Of course, it’s unfair to compare Schultz to Trump for any number of reasons. Schultz is inherently a more serious person, and he’s been more politically consistent over the years. He also probably couldn’t pull off what Trump is doing on the campaign trail right now—who could?
But a Schultz campaign, or even the fantasy of such a thing, mirrors the Trump phenomenon in the GOP. As Republican leaders seek to modernize the party, they’re pushing the party to accept comprehensive immigration reform, reach out to minority voters, and seek accommodation on social issues like gay marriage, which they believe the party needs to put behind it. But many Republican voters still care a lot about these issues and don’t take kindly to having them nudged toward the dustbin. Trump has succeeded by capitalizing on this grievance and on voters’ dislike of GOP mandarins—something he’s uniquely suited to do as an outsider.
The Democratic Party is in flux, too, as the centrist legacy of Bill Clinton seems to give way to a party enthralled by Elizabeth Warren and Bernie Sanders. The result is a party that is more confrontational, and more concerned about economic justice and social justice, and more willing to pick fights with corporate America. It’s easy to see why that direction wouldn’t appeal to someone like Schultz, an executive who sees himself bringing people together.
Schultz perfectly represents a portion of the Democratic Party that risks being left behind in this shift: bien-pensant big-city progressives, who are socially liberal, fiscally corporatist, and rhetorically gauzy. In other words, he’s the fantasy candidate of groups like AmericansElect, the failed 2012 attempt to select a Michael Bloomberg-style third-party alternative. The key word there is “failed”: Efforts like this always seem to come up short, in part because what’s on offer is really just an attempt to repackage the Democratic Party platform for people who fancy themselves maverick independents. (After all, what is Barack Obama if not a big-city progressive socially liberal, fiscally corporatist, and fond of gauzy rhetoric about uniting?)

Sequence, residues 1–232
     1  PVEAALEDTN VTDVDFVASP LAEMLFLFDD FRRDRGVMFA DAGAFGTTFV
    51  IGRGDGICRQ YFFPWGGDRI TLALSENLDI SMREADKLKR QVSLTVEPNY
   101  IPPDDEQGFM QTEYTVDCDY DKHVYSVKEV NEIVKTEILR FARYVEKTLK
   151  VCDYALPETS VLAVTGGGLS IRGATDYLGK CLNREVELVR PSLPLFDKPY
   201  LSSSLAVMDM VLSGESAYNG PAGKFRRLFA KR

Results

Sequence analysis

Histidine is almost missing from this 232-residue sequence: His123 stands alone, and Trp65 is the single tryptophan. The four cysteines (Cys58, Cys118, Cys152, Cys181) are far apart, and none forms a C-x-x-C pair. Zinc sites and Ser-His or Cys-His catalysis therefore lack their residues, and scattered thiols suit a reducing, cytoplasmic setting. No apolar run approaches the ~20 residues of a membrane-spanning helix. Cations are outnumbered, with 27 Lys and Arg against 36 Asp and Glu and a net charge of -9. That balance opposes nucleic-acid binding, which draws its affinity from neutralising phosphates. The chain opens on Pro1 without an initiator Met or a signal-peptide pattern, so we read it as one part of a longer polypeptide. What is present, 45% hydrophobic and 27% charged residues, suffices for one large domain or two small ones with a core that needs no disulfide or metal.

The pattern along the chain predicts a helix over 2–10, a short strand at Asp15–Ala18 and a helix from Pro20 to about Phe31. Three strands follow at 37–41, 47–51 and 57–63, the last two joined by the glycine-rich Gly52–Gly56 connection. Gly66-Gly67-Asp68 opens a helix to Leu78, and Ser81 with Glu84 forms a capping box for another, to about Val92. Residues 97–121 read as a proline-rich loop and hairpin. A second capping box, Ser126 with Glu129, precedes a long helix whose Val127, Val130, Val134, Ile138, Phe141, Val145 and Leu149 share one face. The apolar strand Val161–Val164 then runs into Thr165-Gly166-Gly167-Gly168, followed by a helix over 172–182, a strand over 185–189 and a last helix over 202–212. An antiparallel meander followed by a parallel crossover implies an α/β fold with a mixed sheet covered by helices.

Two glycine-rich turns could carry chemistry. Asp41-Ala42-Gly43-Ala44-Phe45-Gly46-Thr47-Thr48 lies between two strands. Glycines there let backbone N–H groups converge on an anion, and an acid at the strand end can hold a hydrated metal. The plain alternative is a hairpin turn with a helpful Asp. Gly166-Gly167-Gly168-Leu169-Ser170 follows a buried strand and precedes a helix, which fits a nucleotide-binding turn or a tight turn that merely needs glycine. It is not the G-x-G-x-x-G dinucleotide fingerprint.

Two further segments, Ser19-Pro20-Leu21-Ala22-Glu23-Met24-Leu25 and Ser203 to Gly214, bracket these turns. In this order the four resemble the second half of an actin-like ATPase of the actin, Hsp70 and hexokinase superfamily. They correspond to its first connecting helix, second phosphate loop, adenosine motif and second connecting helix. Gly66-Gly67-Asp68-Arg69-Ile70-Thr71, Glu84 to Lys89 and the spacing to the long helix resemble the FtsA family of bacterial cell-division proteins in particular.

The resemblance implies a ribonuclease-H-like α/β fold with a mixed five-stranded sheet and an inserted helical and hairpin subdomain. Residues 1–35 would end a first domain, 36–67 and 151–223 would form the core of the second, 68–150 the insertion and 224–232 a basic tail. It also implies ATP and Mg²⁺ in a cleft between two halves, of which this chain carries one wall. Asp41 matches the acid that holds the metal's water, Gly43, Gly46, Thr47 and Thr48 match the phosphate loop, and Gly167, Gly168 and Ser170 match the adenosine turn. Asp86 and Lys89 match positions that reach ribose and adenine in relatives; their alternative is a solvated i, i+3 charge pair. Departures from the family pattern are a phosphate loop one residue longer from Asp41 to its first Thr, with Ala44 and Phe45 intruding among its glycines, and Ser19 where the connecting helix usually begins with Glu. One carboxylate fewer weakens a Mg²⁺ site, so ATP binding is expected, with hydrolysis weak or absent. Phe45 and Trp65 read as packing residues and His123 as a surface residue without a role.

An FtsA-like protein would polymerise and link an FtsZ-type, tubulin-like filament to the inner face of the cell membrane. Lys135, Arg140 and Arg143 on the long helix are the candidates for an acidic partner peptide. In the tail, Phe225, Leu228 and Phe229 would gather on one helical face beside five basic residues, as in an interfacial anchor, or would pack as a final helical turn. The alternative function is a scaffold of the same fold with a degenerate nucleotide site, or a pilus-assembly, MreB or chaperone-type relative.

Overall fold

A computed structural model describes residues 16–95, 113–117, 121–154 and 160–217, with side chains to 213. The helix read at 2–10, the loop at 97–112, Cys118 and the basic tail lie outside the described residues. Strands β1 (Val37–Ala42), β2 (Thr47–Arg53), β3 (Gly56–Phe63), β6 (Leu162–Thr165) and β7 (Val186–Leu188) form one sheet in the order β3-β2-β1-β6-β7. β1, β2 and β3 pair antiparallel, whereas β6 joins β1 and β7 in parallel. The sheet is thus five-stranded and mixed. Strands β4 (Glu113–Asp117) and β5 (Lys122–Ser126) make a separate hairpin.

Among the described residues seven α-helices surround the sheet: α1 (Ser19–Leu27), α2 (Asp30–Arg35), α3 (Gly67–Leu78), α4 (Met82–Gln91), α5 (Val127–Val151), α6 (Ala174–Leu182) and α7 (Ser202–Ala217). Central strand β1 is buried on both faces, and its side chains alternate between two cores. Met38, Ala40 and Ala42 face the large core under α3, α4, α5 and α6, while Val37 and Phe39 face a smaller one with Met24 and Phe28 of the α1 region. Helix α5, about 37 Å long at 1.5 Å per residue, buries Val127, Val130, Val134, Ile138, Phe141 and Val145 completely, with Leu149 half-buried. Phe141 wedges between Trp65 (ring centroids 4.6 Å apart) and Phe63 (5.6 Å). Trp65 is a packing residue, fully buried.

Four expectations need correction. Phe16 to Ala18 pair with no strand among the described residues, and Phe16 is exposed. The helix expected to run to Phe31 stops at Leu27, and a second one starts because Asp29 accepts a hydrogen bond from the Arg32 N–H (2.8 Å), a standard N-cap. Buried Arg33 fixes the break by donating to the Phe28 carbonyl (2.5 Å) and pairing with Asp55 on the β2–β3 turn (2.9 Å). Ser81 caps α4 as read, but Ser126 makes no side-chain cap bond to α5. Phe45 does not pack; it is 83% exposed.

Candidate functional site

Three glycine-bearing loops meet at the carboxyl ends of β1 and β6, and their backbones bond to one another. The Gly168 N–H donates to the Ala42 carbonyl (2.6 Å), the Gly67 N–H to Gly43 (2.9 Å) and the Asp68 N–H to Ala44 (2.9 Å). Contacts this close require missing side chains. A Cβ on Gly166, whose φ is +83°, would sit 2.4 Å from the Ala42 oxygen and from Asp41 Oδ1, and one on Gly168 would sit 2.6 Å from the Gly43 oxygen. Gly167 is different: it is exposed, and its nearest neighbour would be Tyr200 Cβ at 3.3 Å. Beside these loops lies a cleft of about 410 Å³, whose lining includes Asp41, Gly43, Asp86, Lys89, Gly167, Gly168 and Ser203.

They also tend to fail for the same reason Trump will probably come up short. Politics is harder work than it looks, and newbies are unlikely to quickly master the tricks. Schultz would bring one crucial skill to a campaign. Starbucks has shown he has the ability to build and manage a huge nationwide network, involving physical locations, an ability to get people to turn over perplexing sums of money, and a fan base that seems (or in the case of the coffee, really is) addicted to the product on offer.
Forget about shaky-handed Frappuccino addicts, though. Would Schultz’s own baristas vote for him, the Seattle alt-weekly The Stranger wondered? “I would need to see his platform,” one barista said with a shrug and a smile.
Maybe it takes more than earnest pleas for unity to create a political movement.